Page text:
In the United States, where efforts to develop a repository began more than four decades ago, the situation is still unsettled. In 2002, Congress approved the siting of a deep-mined geologic repository at Yucca Mountain in the Nevada desert. In 2008, DOE submitted an application to the U.S. Nuclear Regulatory Commission (NRC) asking for approval to construct a facility.

Subsequently, the Obama administration announced that the Yucca Mountain repository was “not a workable option” and sought to withdraw the license application. At the same time, the Secretary of Energy appointed a Blue Ribbon Commission on America’s Nuclear Future (BRC or the Commission) to recommend an alternative path forward. In its final report, published in January 2012, the BRC calls for, among other things, the “timely” development of a repository based on a “consent-based” process (BRC, 2012). At the time of this writing, however, the fate of the recommendations is unclear. The NRC licensing proceeding for the Yucca Mountain repository has been suspended pending the outcome of a court case and future congressional appropriations.

Repository Concepts

In 1955, the National Academy of Sciences (NAS) sponsored a study to evaluate options for isolating and containing high-activity waste until radioactive decay had decreased the toxicity of the materials. Although the study committee noted that additional research was still needed, it concluded that “radioactive waste could be disposed of safely in a variety of ways and in a number of sites in the United States” and that “disposal in salt [was] the most promising method for the near future” (NAS, 1957, pp. 16–17).

Repositories in Salt

Salt is considered a particularly attractive host rock for a deep-mined geological repository because (1) its presence implies the absence of flowing water, which is the predominant vehicle for transporting to the environment materials that are eventually released from high-activity waste, (2) fractures arising in a salt formation are self-healing, and (3) the high thermal conductivity of salt would permit the construction of a facility with a small footprint. In addition, for a repository developed in a salt formation, the geology alone is sufficient to isolate and contain high-activity waste.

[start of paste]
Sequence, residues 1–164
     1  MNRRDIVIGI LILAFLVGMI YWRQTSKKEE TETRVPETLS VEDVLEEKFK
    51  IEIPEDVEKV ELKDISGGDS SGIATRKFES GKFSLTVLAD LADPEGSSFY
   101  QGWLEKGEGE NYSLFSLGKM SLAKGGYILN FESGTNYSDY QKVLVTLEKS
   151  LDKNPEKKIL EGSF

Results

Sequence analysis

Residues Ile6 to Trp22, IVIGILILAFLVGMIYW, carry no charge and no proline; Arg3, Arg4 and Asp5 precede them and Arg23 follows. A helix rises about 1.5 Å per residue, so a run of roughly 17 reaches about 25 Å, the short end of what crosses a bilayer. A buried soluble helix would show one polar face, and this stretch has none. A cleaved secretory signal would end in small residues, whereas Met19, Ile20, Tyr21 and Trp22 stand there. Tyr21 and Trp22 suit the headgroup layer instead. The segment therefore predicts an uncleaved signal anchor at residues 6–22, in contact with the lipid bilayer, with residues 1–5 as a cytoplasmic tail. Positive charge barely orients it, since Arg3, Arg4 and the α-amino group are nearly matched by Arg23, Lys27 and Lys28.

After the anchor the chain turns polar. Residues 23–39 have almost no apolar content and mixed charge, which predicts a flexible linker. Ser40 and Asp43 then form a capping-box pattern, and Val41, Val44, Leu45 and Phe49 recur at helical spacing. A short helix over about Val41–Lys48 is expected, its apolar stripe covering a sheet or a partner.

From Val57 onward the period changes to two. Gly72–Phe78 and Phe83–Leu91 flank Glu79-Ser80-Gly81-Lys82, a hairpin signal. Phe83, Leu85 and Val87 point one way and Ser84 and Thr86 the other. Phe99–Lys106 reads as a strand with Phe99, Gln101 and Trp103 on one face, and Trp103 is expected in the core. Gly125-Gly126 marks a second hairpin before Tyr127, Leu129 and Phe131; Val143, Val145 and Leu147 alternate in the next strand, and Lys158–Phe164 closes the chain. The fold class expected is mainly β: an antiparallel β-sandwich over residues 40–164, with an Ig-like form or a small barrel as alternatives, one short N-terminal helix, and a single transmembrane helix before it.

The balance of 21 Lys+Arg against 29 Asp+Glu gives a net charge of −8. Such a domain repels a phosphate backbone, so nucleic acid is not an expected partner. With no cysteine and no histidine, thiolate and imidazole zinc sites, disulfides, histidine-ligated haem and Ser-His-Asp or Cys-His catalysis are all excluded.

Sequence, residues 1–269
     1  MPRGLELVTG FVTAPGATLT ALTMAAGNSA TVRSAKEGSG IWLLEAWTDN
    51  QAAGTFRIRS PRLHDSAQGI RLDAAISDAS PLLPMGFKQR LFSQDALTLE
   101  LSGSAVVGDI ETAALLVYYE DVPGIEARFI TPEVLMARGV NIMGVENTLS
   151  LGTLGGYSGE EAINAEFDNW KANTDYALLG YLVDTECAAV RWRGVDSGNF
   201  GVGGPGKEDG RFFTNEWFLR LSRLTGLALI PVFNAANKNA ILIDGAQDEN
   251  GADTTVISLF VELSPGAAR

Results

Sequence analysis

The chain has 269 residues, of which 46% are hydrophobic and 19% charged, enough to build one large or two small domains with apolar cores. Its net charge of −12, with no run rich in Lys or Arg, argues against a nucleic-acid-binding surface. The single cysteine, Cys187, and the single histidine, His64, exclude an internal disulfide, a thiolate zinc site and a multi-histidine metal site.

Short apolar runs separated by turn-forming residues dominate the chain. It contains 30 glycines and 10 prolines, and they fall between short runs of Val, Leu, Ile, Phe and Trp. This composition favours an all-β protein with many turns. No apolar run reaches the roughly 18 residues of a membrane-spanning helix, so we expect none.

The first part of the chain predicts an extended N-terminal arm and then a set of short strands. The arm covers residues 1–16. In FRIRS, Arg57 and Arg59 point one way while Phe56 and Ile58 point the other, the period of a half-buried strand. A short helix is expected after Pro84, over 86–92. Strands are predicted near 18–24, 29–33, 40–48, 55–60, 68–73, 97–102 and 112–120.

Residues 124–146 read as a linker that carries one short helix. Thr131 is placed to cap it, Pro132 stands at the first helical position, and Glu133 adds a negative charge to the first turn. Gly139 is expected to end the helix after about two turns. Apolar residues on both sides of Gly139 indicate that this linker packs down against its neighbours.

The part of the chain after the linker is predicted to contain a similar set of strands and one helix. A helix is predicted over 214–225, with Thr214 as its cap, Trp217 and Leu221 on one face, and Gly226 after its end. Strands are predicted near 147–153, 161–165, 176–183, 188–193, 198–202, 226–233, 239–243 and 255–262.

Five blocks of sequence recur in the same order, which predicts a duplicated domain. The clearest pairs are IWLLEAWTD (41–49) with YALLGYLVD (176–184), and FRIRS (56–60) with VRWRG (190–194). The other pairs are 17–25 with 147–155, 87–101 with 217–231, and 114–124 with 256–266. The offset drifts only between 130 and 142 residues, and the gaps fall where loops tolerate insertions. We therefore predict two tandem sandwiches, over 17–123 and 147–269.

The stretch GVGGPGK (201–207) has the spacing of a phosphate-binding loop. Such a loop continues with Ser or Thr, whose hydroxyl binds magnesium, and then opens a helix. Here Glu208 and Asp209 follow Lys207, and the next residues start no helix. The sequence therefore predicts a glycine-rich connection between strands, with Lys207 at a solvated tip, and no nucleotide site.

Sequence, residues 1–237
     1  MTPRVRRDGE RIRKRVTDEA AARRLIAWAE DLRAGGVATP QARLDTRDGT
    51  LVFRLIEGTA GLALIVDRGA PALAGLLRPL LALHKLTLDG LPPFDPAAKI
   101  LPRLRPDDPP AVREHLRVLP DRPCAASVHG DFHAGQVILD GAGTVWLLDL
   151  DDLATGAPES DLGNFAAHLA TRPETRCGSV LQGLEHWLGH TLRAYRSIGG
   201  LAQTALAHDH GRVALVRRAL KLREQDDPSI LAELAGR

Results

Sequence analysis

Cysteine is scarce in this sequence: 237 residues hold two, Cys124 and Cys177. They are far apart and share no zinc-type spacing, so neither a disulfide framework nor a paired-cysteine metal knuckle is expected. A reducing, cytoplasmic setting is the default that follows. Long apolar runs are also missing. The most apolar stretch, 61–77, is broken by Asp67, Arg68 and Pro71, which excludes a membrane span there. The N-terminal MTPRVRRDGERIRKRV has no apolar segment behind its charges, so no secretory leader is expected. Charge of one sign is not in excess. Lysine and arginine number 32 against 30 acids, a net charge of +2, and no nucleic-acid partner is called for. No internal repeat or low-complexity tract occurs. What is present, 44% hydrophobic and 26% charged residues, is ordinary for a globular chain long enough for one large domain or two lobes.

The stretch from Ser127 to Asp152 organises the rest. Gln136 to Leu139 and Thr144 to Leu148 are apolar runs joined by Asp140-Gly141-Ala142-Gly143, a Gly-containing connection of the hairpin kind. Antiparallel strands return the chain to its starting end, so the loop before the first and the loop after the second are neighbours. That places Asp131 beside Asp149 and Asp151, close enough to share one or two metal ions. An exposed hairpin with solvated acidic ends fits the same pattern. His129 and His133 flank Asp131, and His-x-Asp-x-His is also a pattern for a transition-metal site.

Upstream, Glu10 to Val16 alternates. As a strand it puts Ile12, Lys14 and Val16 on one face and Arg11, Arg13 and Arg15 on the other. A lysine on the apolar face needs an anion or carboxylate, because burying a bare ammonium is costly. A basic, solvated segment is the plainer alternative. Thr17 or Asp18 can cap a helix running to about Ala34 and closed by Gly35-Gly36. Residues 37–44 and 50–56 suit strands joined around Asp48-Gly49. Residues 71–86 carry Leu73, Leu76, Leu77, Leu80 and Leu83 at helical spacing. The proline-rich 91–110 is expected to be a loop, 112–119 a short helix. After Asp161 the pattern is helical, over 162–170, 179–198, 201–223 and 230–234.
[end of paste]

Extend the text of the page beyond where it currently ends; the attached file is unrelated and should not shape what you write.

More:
The NAS study was so influential that, during the 1960s and early 1970s, plans in the United States for disposing of high-activity waste were focused solely on developing a repository in salt. The German waste management program, also influenced by the study, has been focused on a salt repository since the 1970s.

Repositories in Clay Deposits

Many countries, however, do not have salt formations within their borders suitable for constructing a reposi-tory.4 Therefore, some have turned to indigenous clay deposits as an alternative. For example, boom clay in Belgium, argillite in France, and opalinus clay in Switzerland have been identified as suitable host rocks for a deep-mined geo-logic repository. Clays can isolate and contain high-activity waste because (1) water moves extremely slowly through those strata, (2) clays can have a high sorptive capacity for radionuclides, and (3) fissures or fracture planes in the rocks close by themselves over time. Notably, like a salt repository, a clay repository would rely almost com-pletely on geology to isolate and contain high-activity waste for millennia.5